Mentioned in this article


  • Snooth User: zinfandel1
    Hand of Snooth
    154660 1,085

    Great article.
    I would like to see more of this coverage of an establishments wine list and prices. This is helpful and makes decisions ot where to eat much easier, especially in an area that is new to you.

    Sep 20, 2010 at 12:55 PM

  • Snooth User: Gregory Dal Piaz
    Hand of Snooth Voice of Snooth
    89065 238,748


    Sometime when I'm on the road I wish I had something simple like this to fall back on.

    I'll see if I can expand on this theme without getting too esoteric.

    Sep 20, 2010 at 1:04 PM

  • Snooth User: jacket88
    246067 51

    I agree. Great article. I too, would like to see more coverage on this. I've always wondered how certain wines showed up on fine dining chains' wine lists.

    Sep 20, 2010 at 1:05 PM

  • Snooth User: mmrmaid
    304930 43

    nice article! i worked for OSI for ten years back in the day (1990s) it was my first introduction to decent wine - we of course carried australian wine at outback, which was just starting to make a splash - wines that are commonplace today like rosemount and black opal..we even carried jordan cabernet! unbelievable. i think it was our most expensive bottle at $30...

    Sep 20, 2010 at 1:10 PM

  • Legal is definitely and best and they have been working on it a long time. Great mix of reliable standbys and experimental varietals. Just when you think you have tried all the white wine out there, they throw you a curve ball!

    Sep 20, 2010 at 1:21 PM

  • Snooth User: Linda Kay
    490245 25

    Good info. Hope my adult children and former students enjoy this!

    Sep 20, 2010 at 2:34 PM

  • Perhaps it's only a matter of semantics but I believe King Estate sells a "Pinot Gris" (same grape of course) not "Pinot Grigio". I've had their Pinot Gris it is excellent for the money.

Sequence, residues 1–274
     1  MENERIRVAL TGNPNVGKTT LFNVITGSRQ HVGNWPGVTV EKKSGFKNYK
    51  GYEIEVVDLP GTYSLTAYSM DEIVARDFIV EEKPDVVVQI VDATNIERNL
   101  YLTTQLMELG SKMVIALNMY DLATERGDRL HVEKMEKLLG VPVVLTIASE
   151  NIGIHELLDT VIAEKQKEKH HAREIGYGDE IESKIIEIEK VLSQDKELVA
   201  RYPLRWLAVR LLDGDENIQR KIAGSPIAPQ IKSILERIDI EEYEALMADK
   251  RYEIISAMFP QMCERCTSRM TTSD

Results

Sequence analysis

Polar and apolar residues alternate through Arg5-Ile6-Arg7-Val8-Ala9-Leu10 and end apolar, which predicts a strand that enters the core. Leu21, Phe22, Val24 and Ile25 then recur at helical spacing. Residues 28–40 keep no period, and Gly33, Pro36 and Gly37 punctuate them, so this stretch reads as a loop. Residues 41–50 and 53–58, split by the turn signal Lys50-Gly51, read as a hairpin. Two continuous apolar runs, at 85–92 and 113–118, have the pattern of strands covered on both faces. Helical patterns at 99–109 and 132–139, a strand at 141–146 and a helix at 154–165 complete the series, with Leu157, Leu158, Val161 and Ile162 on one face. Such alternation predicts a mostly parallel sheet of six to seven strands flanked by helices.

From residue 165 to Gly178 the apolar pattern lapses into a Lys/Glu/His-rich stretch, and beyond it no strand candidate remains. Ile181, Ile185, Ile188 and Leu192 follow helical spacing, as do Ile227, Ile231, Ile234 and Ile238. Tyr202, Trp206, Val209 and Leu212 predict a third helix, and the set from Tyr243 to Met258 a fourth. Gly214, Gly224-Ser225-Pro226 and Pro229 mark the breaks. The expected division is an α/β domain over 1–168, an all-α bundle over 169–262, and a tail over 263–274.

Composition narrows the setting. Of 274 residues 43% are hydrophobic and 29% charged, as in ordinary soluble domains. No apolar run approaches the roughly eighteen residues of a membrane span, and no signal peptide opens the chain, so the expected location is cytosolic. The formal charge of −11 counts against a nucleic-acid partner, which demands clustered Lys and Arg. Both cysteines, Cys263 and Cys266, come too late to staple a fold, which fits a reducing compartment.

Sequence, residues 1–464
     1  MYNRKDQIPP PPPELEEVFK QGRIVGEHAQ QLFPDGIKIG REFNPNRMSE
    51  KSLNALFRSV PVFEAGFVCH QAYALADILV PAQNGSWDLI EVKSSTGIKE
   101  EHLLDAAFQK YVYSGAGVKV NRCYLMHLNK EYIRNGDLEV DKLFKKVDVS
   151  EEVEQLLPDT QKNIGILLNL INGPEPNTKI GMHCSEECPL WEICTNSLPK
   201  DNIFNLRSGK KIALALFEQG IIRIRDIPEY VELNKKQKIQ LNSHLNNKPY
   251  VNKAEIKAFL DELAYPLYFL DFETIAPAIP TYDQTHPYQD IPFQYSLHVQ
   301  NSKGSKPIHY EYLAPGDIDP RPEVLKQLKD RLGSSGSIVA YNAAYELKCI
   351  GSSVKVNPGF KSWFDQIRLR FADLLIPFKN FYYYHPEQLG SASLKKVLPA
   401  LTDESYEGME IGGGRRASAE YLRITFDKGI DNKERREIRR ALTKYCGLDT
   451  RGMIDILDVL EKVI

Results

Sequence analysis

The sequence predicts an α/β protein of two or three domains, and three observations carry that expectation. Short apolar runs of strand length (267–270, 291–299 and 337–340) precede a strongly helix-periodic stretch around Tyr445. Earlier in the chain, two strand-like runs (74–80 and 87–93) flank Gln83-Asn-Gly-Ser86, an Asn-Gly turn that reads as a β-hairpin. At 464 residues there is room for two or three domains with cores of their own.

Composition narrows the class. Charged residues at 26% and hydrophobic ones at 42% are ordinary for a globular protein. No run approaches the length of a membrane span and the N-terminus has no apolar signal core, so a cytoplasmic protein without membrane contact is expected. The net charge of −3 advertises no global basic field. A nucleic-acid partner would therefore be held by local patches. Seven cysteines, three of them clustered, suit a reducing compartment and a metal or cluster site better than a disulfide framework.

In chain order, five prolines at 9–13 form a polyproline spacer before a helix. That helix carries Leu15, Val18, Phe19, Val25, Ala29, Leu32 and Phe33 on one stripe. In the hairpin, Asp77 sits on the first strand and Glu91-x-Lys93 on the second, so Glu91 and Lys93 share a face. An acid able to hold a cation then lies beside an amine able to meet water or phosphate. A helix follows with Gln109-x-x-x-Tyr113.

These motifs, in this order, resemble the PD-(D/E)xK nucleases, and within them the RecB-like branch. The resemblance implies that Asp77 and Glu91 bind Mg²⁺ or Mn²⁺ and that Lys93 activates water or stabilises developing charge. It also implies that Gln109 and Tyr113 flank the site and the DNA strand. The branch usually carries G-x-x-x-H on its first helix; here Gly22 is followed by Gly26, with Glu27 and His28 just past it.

Sep 20, 2010 at 3:05 PM

  • Check out Mike's Wine Dive in Wichita kansas, Great wine list for the midwest! there list is on line at! Really surprising!

    Sep 20, 2010 at 7:18 PM

  • Snooth User: dmcker
    Hand of Snooth
    125836 5,000

    Roy's used to be a whole lot better (both the menu and the wine list), and was a very special place to visit, when it was just Roy (publicly, anyway) running it, and only had two or three locations on Oahu (probably not even Maui yet when I was most frequenting it a couple of decades ago). It had lost its soul when I later visited its Tokyo clone. What is it about corporate American-style MBA-centric management that really kills that soul, and customer service, even though CS is such an important concept in lipservice (and form vs. content) terms in that world? I still cook a number of dishes at home that I picked up from Roy's in Hawaii Kai that he himself guided me to.

    You're attempting to address that soul-kill issue in this article, and good for you for that. But it really boils down to eternally, continuing, increasingly large compromises when dealing with chains, and I view even the better of them not as 'fine-dining' but mediocre dining, somewhere between fast food and real, good restaurants. I almost never frequent them for that reason, even when it would be more convenient, and always look for one-offs, or small local (two or three like Roy first was) chains, more particularly sister one-offs, in a small chain put together by a creative chef-owner or restaurant producer. It's always interesting to ask concierges at hotels, business counterparts I'm meeting in that town, people I know privately in the region, etc. Even fly by the seat of my pants and go into places on street impression, rather than hit the chains. It's really a lonelier world when we stay at impersonal hotel/motel chains and have to use Yelp or whomever to get a clue about eating places in any given town.